Ever since Mark Davis handed control of the Raiders’ roster to Jon Gruden, it is fair to say that Gruden made a few moves that caused a raised eyebrow or two.
- He traded Kahlil Mack to the Bears.
- He traded Amari Cooper to the Cowboys.
- He signed Antonio Brown and inherited the totality of the soap opera Brown brings with him.
- He signed Richie Incognito who is no stranger to controversy – but who has been a solid citizen so far for the Raiders.
- He signed Vontaze Burfict who is the poster child for self-immolation.
The Antonio Brown Experiment in Oakland is over; the Raiders need not worry about it any longer. And if reports this morning are correct, it may be that The Vontaze Burfict Experiment in Oakland will be set aside for more than a little while. Burfict is facing a suspension from the league; by itself, that is not news; when Burfict plays a full season without some sort of league sanction, it is a story that falls into the man-bites-dog category. Burfict has been suspended twice for illegal and brutal hits on opposing players – one of which was Antonio Brown interestingly – and he served a suspension for testing positive for PEDs. CBSSports.com has a report this morning citing a Tweet from ESPN’s Chris Mortenson that Burfict may be suspended for the balance of the 2019 season.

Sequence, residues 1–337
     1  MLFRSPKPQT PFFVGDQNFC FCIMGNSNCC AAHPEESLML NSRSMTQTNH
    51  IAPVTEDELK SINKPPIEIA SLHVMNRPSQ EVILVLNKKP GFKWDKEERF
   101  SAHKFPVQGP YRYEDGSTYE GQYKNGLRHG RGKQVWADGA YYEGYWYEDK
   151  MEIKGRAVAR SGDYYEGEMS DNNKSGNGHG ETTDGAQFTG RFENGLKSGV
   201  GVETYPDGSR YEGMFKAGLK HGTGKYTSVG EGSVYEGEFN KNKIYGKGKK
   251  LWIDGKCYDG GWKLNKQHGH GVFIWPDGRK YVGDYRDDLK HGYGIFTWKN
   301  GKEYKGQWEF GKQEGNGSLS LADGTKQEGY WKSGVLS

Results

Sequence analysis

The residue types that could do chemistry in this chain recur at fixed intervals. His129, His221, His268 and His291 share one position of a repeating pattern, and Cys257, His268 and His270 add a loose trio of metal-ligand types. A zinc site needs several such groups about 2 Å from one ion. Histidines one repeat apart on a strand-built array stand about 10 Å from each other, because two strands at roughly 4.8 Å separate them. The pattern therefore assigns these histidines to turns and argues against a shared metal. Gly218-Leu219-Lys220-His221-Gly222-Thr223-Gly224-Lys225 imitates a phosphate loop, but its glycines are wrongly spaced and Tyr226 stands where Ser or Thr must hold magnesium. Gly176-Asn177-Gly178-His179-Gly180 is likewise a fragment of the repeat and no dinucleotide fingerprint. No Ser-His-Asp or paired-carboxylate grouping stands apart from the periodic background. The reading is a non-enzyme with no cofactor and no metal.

As a repeat offender for illegal and dirty hits, Burfict seems to have shown that 4-game suspensions as levied in the past are not sufficient for him to consider changing his ways. As he was leaving the field after his ejection from yesterday’s game for another illegal hit, he was smiling and blowing kisses to the fans in Indy. I don’t know how long a suspension the league should hand down in this instance but keeping the punishment at the 4-game level would seem to be an act that condones such behavior instead of an act that censures such behavior.
Another NFL story that gets a lot of attention week-by-week is the potential contract extension for Dak Prescott in Dallas. I think Prescott is worth the market price for a young franchise QB because he has shown me that he has the talent and the focus to fill that role more than adequately. I also think that the lack of a contract extension is not necessarily any lack of recognition by the Cowboys that Dak Prescott is an important element of their team structure.
It takes two sides to reach an agreement on a contract – and it might just be that Dak Prescott and his advisors have convinced themselves that it is in their best interest to stretch out these negotiations. Of course, they would probably be willing to take a contract offer from the Cowboys that blows the lid off every previous QB deal in league history – – but absent such a blockbuster, they can hold their fire. The term of art here seems to be the Dak Prescott will be “betting on himself”.